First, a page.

[Stackless] cross compile stackless from x86 to mipsel

Christian Tismer tismer at stackless.com
Thu Feb 10 19:22:26 CET 2011

On 2/10/11 4:04 PM, Jeff Senn wrote:
> (chris)
>> On your simple stackless with soft-switching only:
>> Well, at first glance, we just need to disable the hard-switching part.
>> Would that what remains from Stackless then be enough for you?
> Yes. But I tried it quickly and it seemed non-obvious -- I didn't pursue
> very much, but it appears that the preparation in the code for later
> possible hard-switching, makes it difficult how to see to *simply*
> "disable the hard-switching part".  If it's more obvious to you please
> let me know - even if you say it might be easy, it may cause me to
> go look again...

Yes this is true. Actually the code started out with hard switching,
and grew the soft stuff later on. The possibility for soft-only is not
really considered. Maybe that is a useful addition to Stackless that
could be my task for the upcoming PyCon sprint?

I see the problem: The current design uses hard switching plus
some macros which consider soft switching, with no promise
that it will work. But switching is a promise.

That means, the only alternative is to raise an "unswitchable"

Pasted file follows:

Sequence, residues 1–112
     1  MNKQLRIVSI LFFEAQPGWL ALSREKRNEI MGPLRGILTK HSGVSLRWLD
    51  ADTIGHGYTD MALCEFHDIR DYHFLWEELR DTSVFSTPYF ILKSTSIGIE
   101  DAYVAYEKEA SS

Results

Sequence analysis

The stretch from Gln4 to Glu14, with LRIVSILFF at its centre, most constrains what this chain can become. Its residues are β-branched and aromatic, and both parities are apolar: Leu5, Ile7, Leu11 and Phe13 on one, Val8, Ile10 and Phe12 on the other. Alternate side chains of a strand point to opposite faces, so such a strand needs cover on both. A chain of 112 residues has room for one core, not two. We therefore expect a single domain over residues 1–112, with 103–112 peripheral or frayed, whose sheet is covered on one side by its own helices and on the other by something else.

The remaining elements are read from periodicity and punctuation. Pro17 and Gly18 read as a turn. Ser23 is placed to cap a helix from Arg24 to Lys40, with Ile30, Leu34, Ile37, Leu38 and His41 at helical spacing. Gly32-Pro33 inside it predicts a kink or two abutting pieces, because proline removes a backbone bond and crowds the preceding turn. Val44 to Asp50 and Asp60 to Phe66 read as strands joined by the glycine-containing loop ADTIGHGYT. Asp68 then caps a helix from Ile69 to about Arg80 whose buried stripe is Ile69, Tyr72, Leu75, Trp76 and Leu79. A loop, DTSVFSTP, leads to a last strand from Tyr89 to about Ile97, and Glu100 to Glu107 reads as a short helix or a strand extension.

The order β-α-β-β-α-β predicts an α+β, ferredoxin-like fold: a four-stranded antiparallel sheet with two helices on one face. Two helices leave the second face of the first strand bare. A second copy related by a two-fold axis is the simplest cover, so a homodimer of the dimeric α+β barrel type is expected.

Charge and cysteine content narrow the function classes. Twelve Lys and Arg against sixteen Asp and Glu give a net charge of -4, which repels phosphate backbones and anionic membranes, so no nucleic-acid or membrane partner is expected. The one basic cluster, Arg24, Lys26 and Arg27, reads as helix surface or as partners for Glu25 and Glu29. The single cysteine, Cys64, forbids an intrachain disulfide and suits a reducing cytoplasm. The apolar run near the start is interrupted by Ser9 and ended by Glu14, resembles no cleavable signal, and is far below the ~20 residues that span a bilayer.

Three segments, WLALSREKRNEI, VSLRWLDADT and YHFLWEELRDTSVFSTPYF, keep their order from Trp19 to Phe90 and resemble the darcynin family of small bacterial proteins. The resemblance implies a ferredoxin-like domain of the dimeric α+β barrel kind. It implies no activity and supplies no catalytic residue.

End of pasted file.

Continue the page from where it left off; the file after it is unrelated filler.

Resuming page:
exception. But even that is not easy to find out before the actual
switch. It depends on the source and the target if it is ok.
>> Of course it could be interesting to have the complete Stackless
>> solution in PyPy (very doable) and then cross-compile for that
>> router thingie? But I'm not sure if that's the whole story, since PyPy
>> is quite huge. Where are the limits for your platform?
> PyPy feels too big... I really want a stripped down version and memory
> (and stack space!) are a concern.

Well, that depends. I read something about running PyPy on Maemo.
Have not looked into it, though.
I think the runtime memory of PyPy is no longer more than Python's.
But I have no clue if it is easy to strip it down enough concerning
the executable.
>> It would work without the JIT, and there is probably a problem with
>> generated code, anyway I guess? Then yeah, cross-compilation
>> of Stackless PyPy-c could be a solution.
> Executable code only in flash/ROM, so JIT/(dynamically) generated code
> don't help any...
> Consider: embedded processor, no OS, just one Python "scheduler" loading/
> scheduling "processes" written in Python.  Really a very minimal
> "pure Python OS".

What I think is possible is this:
With a little tweaking, it should be not too hard to add a tracing feature
to PyPy-c, that remembers all code paths taken.
You would create an exhaustive test case that touches every code
path taken. After that test has run, we could replace all dead code
by raising a NotImplemented exception.

Maybe the exhaustiveness of the trace can be reduced to the module
level. But I fear that has the side effect of pulling everything in.
Testing for certain data types would probably reference these types,
so I keep the idea of an exhaustive test.

With the test information on file, we start the compiler tool chain
and generate a new PyPy-c, but when writing the source code,
we replace all functions that are not logged by the trace
with that exception.

Maybe the approach is overkill? I'm at least pretty much interested
what this creates.

cheers - chris

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